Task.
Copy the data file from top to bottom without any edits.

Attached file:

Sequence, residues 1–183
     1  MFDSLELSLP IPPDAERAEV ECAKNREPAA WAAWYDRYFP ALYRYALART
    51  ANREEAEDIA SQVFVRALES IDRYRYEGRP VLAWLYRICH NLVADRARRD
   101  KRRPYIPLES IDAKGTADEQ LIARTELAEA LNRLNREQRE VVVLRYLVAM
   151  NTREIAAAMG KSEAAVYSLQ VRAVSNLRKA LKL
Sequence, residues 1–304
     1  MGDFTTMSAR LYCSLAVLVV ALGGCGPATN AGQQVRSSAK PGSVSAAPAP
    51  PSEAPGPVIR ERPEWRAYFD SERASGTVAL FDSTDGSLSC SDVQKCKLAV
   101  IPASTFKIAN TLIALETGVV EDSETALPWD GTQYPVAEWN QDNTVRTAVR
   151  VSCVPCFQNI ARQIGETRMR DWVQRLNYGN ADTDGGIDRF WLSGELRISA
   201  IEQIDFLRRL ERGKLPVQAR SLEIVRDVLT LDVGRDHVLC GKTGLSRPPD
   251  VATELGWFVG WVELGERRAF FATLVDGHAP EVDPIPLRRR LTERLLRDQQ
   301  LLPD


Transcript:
Sequence, residues 1–183
     1  MFDSLELSLP IPPDAERAEV ECAKNREPAA WAAWYDRYFP ALYRYALART
    51  ANREEAEDIA SQVFVRALES IDRYRYEGRP VLAWLYRICH NLVADRARRD
   101  KRRPYIPLES IDAKGTADEQ LIARTELAEA LNRLNREQRE VVVLRYLVAM
   151  NTREIAAAMG KSEAAVYSLQ VRAVSNLRKA LKL
Sequence, residues 1–304
     1  MGDFTTMSAR LYCSLAVLVV ALGGCGPATN AGQQVRSSAK PGSVSAAPAP
    51  PSEAPGPVIR ERPEWRAYFD SERASGTVAL FDSTDGSLSC SDVQKCKLAV
   101  IPASTFKIAN TLIALETGVV EDSETALPWD GTQYPVAEWN QDNTVRTAVR
   151  VSCVPCFQNI ARQIGETRMR DWVQRLNYGN ADTDGGIDRF WLSGELRISA
   201  IEQIDFLRRL ERGKLPVQAR SLEIVRDVLT LDVGRDHVLC GKTGLSRPPD
   251  VATELGWFVG WVELGERRAF FATLVDGHAP EVDPIPLRRR LTERLLRDQQ
   301  LLPD